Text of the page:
If you ignore a PSPO, you can be fined a £100 on the spot fixed penalty notice or up to £1,000 if it goes to court (You can’t be fined if you’re a registered blind dog owner).

Clean Neighbourhoods and Environment Act – Cleaning Up After Your Dog (Poop Scooping)

It is illegal to let your dog foul in a public place and not clean it up. Claiming that you are unaware that your dog had defecated or not having the correct equipment with you (i.e. poop bags), is not an acceptable excuse. Dog poo on pavements and in playing/green areas is not only unpleasant for other people and animals, but it also carries health hazards.

You can face an on the spot fixed penalty fine of £50 -£80 if you do not clean up after your dog. If you refuse to pay the fine you can be prosecuted and face a court appearance with a fine of up to £1000

Clean up after your dog. Not only is it against the law to let your dog foul in public places, it's unpleasant for other people too.

Clean up after your dog. Not only is it against the law to let your dog foul in public places, it’s unpleasant for other people too.

Stray Dogs (Environmental Protection Act)

If the owner fails to come forward and pay the Council’s fees within 7 days from date of seizure or service of a notice, the Council may rehome the dog or may have it put to sleep.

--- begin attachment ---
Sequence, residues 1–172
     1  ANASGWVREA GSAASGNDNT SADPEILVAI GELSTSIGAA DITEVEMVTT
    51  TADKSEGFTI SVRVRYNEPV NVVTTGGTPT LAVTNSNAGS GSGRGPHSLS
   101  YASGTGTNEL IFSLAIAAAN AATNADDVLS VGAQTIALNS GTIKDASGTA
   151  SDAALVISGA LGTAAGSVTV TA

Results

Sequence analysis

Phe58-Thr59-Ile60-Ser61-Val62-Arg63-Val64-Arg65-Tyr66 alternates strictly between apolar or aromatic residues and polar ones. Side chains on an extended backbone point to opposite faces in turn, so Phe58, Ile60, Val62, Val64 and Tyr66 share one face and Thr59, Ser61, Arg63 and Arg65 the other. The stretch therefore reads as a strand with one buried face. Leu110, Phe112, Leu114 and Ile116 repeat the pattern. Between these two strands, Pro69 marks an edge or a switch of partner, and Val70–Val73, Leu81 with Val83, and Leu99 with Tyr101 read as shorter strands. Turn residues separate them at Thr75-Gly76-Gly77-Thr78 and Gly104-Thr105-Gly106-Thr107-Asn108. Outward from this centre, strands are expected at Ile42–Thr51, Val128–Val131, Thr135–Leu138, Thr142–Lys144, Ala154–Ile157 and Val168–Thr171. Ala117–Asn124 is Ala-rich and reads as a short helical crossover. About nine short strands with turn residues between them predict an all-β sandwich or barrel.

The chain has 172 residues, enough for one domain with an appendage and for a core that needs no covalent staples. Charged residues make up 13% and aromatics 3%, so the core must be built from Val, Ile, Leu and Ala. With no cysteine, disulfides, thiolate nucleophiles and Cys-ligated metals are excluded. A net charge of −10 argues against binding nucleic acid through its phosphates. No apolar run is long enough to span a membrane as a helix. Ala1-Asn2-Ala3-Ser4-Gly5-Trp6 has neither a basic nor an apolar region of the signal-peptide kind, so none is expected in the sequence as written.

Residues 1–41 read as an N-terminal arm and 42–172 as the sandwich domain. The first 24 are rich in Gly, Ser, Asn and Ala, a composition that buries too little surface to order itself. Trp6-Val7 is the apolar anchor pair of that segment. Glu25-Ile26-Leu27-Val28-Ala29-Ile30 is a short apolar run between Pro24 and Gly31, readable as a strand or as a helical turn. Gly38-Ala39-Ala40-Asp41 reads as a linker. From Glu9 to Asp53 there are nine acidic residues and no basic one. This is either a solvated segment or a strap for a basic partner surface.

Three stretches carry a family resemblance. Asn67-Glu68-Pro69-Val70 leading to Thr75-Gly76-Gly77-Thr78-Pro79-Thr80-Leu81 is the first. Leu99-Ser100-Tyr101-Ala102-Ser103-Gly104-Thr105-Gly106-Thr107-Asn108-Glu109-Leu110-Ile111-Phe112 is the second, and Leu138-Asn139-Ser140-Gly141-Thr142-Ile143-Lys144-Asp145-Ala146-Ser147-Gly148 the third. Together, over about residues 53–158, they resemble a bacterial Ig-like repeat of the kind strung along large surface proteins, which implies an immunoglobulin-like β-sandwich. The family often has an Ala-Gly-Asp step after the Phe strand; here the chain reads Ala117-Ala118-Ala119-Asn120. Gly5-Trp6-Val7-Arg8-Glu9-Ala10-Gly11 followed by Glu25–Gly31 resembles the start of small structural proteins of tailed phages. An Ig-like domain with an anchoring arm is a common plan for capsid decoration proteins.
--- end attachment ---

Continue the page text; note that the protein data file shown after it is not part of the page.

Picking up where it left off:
Yet another reason why your dog should wear an id tag and be microchipped.

Control Of Your Dog – Dangerous Dogs Act and the Anti-Social Behaviour Crime & Policing Act

It is against the law to let a dog be dangerously out of control. This now applies to both private property and public places.

  • You must be able to control your dog at all times, this means being able to call your dog back to you and making sure that he or she responds to you.
  • Your dog must not jump up at or chase other members of the public. Even the friendliest or smallest of dogs can cause damage by jumping up at someone, especially a child or an elderly person.
  • If there is any possibility that your dog is might attack another dog or a person he or she must be muzzled in public places.